Money managers, academics and regulators converged here on Wednesday to discuss the flash crash that three months ago sent the stock market plunging 700 points within minutes and shook investors' confidence.
Executives from money managers BlackRock Inc and Invesco Ltd, and retail broker TD Ameritrade Holding Corp, were among those meeting at the Commodity Futures Trading Commission to discuss what the May 6 crash meant for investors.
Regulators convened an advisory committee shortly after the crash to learn how brokerage houses, issuers, institutional traders and retail investors were affected.
Neither the CFTC nor the Securities and Exchange Commission have fully explained what caused the Dow Jones industrial average to plunge so dramatically before sharply rebounding that afternoon.
SEC Chairman Mary Schapiro said the trade-breaking process for erroneous trades done after the crash was neither clear nor transparent and has created uncertainty for investors about how such trades would be handled in the future.
The SEC is also considering whether to deter or regulate the use of stub quotes for market markers, and is studying the use of trading pauses, price collars and self-help rules used at individual exchanges.
In early September, regulatory staff will issue a follow-up report on the crash, CFTC Chairman Gary Gensler said. The advisory committee will consider the report and make recommendations, perhaps this autumn, he said.
Regulators and exchanges have thus far pointed to a rare alignment of events that day in the high-speed, electronic marketplace in which stocks, futures and exchange-traded funds trade simultaneously on dozens of venues at record volumes.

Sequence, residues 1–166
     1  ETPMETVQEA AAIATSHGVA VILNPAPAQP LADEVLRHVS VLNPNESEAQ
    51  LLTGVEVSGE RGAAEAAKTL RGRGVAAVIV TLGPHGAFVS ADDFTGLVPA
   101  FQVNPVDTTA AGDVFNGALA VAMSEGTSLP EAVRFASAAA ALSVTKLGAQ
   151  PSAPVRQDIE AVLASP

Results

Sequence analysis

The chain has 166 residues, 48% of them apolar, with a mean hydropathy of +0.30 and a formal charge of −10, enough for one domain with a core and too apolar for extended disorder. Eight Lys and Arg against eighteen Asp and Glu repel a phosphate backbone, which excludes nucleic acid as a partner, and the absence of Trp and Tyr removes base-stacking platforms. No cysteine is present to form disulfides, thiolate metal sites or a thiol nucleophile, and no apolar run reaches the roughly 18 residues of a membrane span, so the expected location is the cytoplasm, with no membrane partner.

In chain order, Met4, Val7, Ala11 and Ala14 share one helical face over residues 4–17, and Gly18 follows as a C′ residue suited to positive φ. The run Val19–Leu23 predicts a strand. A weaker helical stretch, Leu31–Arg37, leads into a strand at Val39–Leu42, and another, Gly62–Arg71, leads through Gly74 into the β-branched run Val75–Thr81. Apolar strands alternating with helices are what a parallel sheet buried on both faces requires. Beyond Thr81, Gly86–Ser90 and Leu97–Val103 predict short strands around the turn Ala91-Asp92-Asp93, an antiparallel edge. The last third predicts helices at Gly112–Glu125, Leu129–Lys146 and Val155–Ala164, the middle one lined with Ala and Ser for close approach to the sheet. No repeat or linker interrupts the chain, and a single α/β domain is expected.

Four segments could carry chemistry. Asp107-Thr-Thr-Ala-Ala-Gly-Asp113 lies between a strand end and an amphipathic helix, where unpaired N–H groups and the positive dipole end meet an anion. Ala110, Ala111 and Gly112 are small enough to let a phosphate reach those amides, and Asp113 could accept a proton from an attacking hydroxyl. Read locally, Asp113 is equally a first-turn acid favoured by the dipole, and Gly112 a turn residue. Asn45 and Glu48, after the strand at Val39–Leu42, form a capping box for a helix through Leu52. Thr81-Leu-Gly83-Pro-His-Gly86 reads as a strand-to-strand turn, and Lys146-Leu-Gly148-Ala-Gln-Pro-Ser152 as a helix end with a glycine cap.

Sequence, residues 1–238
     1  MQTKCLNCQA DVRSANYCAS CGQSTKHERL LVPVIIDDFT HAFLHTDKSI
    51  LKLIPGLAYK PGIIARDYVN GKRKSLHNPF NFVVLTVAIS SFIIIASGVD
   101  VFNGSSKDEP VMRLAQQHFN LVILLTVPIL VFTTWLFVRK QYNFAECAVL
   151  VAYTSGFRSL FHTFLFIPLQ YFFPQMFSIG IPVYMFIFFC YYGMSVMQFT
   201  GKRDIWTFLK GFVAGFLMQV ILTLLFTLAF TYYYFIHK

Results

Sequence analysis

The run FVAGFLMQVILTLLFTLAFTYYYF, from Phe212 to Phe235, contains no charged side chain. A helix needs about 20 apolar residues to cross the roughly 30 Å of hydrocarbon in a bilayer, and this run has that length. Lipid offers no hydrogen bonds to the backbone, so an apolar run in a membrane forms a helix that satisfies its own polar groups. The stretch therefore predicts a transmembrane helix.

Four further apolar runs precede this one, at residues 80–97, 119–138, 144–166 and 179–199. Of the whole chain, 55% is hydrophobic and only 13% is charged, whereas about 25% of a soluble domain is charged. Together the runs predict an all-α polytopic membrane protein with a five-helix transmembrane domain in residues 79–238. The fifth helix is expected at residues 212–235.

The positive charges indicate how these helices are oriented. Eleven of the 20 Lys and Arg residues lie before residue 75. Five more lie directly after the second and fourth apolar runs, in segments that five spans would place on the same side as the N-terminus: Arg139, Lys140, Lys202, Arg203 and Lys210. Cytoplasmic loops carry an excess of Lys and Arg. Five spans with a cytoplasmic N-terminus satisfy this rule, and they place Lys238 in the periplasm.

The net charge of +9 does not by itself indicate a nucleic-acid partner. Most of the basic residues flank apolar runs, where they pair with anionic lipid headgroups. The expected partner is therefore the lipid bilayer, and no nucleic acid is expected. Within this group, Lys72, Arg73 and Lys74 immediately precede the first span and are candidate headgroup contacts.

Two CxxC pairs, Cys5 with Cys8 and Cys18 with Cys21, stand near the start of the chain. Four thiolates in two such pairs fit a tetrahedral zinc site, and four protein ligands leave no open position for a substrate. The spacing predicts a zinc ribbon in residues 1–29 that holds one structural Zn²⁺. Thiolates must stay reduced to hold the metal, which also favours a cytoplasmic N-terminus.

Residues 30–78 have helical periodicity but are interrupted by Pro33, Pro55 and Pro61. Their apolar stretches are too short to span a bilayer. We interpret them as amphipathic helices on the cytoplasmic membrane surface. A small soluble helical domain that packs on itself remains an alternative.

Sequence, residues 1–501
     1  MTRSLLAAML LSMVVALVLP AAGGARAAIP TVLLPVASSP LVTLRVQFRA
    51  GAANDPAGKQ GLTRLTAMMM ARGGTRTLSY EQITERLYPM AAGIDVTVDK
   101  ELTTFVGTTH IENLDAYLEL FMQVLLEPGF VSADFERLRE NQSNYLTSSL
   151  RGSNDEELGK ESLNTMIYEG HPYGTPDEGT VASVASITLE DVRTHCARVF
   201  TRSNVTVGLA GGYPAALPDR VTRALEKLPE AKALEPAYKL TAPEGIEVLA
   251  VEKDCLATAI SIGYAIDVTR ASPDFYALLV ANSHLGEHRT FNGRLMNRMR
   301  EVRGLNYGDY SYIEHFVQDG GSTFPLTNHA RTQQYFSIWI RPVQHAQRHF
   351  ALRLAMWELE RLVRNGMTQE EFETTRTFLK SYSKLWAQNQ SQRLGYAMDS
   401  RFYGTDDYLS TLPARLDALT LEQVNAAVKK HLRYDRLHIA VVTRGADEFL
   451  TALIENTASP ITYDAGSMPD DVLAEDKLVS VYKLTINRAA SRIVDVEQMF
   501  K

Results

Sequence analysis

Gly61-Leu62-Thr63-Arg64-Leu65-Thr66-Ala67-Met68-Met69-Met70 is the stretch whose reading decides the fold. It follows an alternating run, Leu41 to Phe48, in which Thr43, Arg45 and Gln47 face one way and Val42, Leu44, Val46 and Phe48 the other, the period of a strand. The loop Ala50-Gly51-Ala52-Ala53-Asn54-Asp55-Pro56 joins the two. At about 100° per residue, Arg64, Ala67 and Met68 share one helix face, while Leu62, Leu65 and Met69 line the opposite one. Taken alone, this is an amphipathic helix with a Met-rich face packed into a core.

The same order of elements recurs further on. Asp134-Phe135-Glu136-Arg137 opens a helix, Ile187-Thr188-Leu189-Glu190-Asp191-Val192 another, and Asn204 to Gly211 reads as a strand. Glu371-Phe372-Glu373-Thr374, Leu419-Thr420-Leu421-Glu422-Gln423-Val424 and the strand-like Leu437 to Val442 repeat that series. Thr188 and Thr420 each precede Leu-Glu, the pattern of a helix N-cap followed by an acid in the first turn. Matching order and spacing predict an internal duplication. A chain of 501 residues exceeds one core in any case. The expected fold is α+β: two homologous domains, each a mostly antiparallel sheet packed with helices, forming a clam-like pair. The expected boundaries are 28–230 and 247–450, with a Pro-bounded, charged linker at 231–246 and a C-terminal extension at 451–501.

Disparate exchange rules, a lack of liquidity and market jitters over Europe's escalating debt crisis are believed to have played a role in the flash crash, prompting a handful of new rules including market-wide circuit breakers for stocks.
There are some very reasonable explanations for why certain things happened that day in terms of the interactions between the futures, options and equities markets, given the different rules, said Adam Sussman, a senior analyst focusing on market structure at consulting group TABB Group.
That all points to some structural flaws in the way the market operates, and now they're patching it up, he added.
Although exchanges canceled thousands of trades after markets closed, the crash brought steep losses to some.
Trading volumes, meanwhile, have dropped precipitously from the record highs reached in May. Worries have grown that whipsawed investors, particularly individuals, have retreated from the sharp volatility.
CFTC's Gensler and the SEC's Schapiro are expected to attend the Wednesday meeting of the Joint CFTC-SEC Advisory Committee on Emerging Regulatory Issues.
(Reporting by Jonathan Spicer; Editing by Derek Caney and Maureen Bavdek)